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SEC Spring 2023 Regulatory Agenda

On June 13, 2023, the SEC published its semiannual Spring 2023 regulatory agenda (“Agenda”) and plans for rulemaking.  The Agenda is published twice a year, and for several years I have blogged about each publication.  Although items on the Agenda can move from one category to the next, be dropped off altogether, or new items pop up in any of the categories (including the final rule stage), the Agenda provides valuable insight into the SEC’s plans and the influence that comments can make on the rulemaking process.

The Agenda is broken down by (i) “Pre-rule Stage”; (ii) Proposed Rule Stage; (iii) Final Rule Stage; and (iv) Long-term Actions.  The Proposed and Final Rule Stages are intended to be completed within the next 12 months and Long-term Actions are anything beyond that.  The number of items to be completed in a 12-month time frame is 55, which is in-line with the average items under Gary Gensler’s regime (and much higher than Jay Clayton’s average of 32).

Eighteen items are included in the proposed rule stage, down from the 23 on the Fall 2022 list.  The list includes some brand-new topics as well as several from the Fall list.  Still on the proposed list are amendments to requirements for filer validation and access to the EDGAR filing system and simplification of EDGAR filings.  Revisions to the definition of securities held of record also remain on the proposed list.  Any proposal would relate to the definition for purposes of Section 12(g) of the Exchange Act.  For a review of the current rule, see HERE.

Moving from long-term actions to the proposed list is incentive-based compensation arrangements related to financial institutions with $1 billion or more in total assets.  Other items remaining on the proposed rule list include fund fee disclosure and reform for registered investment companies (which was new to the Agenda in Spring 2022); exchange-traded products (which has been on the list for years); and amendments to Regulation ATS to modernize the conditions to the ATS exemption for all ATSs; clearing agency recovery and wind-down (which was new on the last agenda).

Still on the proposed list after moving from the pre-rule stage to a long-term action item is digital engagement practices for broker-dealers and investment advisors – i.e., gamification.  Under the gamification category, the SEC is considering seeking public comment on potential rules gamification, behavioral prompts, predictive analytics, and differential marketing.  Gary Gensler has been vocal about his concerns with gamification – see, for example HERE.

Still on the proposed list in the ESG category are corporate board diversity and human capital disclosure.  Although the SEC enhanced human capital disclosure requirements as part of its Item 101 of Regulation S-K (description of business) amendments, it is considering rule amendments to further enhance the disclosure requirements.  For a discussion on the evolving human capital disclosure requirements, see HERE.  Corporate board diversity is another hot topic and Nasdaq adopted its own board diversity rules in August 2021 – see HERE) which was recently amended to extend the compliance deadlines – see HERE.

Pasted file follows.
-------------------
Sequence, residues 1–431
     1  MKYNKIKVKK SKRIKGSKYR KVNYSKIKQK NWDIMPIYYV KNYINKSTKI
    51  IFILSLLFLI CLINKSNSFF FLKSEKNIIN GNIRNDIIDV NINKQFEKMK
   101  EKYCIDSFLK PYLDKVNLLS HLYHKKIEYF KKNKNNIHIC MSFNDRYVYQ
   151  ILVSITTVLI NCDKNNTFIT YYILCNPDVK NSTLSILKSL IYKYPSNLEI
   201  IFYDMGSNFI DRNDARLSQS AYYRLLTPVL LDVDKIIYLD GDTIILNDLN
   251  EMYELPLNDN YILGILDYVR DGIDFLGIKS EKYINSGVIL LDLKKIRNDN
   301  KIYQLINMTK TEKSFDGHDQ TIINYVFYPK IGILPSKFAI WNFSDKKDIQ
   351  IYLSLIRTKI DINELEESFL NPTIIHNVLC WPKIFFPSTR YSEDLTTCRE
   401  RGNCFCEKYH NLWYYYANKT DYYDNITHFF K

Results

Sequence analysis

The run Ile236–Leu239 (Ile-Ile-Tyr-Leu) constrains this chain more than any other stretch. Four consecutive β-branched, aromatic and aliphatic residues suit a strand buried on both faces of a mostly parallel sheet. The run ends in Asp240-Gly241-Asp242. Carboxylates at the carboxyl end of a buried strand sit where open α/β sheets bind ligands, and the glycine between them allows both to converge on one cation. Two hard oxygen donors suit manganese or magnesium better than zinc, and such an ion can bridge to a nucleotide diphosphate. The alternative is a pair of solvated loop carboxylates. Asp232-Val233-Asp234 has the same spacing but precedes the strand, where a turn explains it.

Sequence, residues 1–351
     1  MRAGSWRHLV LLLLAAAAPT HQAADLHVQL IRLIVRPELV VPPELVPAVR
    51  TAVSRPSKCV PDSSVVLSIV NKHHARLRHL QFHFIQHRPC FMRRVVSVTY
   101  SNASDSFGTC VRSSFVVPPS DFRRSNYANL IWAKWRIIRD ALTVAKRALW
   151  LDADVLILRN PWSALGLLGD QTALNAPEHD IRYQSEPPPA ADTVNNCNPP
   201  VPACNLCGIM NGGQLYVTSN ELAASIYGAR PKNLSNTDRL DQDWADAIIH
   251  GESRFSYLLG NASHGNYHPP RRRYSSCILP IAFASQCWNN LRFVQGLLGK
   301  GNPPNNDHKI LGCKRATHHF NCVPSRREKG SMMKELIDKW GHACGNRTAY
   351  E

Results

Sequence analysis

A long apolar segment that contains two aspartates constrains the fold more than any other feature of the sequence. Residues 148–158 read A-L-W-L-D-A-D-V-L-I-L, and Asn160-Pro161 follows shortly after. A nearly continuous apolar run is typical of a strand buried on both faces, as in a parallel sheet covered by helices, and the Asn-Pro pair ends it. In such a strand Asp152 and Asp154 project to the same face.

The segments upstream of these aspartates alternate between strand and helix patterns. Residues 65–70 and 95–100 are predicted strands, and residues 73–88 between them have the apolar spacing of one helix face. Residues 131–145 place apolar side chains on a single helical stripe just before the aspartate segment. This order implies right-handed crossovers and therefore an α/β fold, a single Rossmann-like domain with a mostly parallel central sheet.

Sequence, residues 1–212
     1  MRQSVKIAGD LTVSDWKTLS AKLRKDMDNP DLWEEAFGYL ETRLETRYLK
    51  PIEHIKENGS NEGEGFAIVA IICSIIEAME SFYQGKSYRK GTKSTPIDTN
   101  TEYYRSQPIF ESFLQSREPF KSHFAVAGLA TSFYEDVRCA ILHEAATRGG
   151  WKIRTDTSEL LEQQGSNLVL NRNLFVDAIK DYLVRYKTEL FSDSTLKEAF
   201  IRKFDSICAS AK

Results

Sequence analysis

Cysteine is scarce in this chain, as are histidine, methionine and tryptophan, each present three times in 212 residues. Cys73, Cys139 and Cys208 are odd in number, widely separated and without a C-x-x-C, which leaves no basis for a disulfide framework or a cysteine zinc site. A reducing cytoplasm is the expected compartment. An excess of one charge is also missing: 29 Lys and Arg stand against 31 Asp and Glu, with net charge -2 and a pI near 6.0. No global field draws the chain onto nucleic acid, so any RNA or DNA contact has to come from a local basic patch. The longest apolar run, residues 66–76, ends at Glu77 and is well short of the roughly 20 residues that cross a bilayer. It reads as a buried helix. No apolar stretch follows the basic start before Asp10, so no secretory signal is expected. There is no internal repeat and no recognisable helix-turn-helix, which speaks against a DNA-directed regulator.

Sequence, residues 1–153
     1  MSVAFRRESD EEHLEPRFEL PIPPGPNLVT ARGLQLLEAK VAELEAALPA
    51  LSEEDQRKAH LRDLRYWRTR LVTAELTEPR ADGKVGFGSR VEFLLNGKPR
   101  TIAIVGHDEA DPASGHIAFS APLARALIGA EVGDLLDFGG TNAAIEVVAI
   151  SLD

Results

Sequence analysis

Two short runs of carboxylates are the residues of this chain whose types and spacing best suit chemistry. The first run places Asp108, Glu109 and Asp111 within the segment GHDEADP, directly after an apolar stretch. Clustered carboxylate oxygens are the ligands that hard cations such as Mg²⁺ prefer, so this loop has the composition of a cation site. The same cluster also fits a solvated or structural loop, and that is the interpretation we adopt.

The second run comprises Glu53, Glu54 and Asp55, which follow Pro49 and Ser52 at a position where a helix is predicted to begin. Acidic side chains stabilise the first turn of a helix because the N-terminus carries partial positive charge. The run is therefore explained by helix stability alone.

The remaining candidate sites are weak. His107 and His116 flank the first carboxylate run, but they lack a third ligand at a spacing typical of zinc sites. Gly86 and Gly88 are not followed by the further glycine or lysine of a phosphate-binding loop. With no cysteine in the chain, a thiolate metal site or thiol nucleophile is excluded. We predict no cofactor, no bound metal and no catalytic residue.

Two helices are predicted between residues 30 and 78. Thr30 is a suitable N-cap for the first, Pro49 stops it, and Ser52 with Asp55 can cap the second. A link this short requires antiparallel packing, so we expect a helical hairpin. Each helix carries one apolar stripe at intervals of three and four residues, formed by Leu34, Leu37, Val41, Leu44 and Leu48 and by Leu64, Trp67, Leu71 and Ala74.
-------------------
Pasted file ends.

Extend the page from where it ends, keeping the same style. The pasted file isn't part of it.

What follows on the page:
As I have blogged about many times, the SEC is revisiting many rules that were implemented by the prior administration.  Keeping with that redo trend, the disclosure of payments by resource extraction issuers (proposed rules published in December 2019 – see HERE) and finalized in December 2020 (see HERE) was moved to the proposed list in Spring 2022 and has remained there since.

Still in the proposed rule stage are the controversial amendments to the Rule 144 holding period and Form 144 filings.  In December 2020, the SEC surprised the marketplace by proposing amendment to Rule 144, which would prohibit the tacking of a holding period upon the conversion of variably priced securities (see HERE).  The responsive comments have been overwhelmingly opposed to the change.  Many of the opposition comment letters are very well thought out and illustrate that the proposed change by the SEC may have been a knee-jerk reaction to a perceived problem in the penny stock marketplace.  I wholly oppose the rule change and hope the SEC does not move forward.  For more on my thoughts on the damage this change can cause, see HERE

Still on the proposed rule list are changes to Regulation D and Form D, including updating the financial thresholds in the accredited investor definition and “improving protections for investors.” I note that in August 2020, the SEC updated the definition of an accredited investor and specifically decided not to increase the financial thresholds (see HERE).

New to the Agenda and appearing on the proposed list are rules to enable issuers of index-linked annuities to register on a form tailored specifically to registered index-linked annuities; amendments to the exemption for internet advisers from the prohibition against registration under the Investment Advisers Act of 1940; amendments to Rule 15c3-3 (the customer protection rule) to require that certain large broker-dealers compute their customer and PAB reserve deposit requirements daily rather than weekly; and rule changes to address concerns with national securities exchange volume-based transaction pricing in NMS stocks by requiring exchanges to make periodic public disclosures about those pricing models.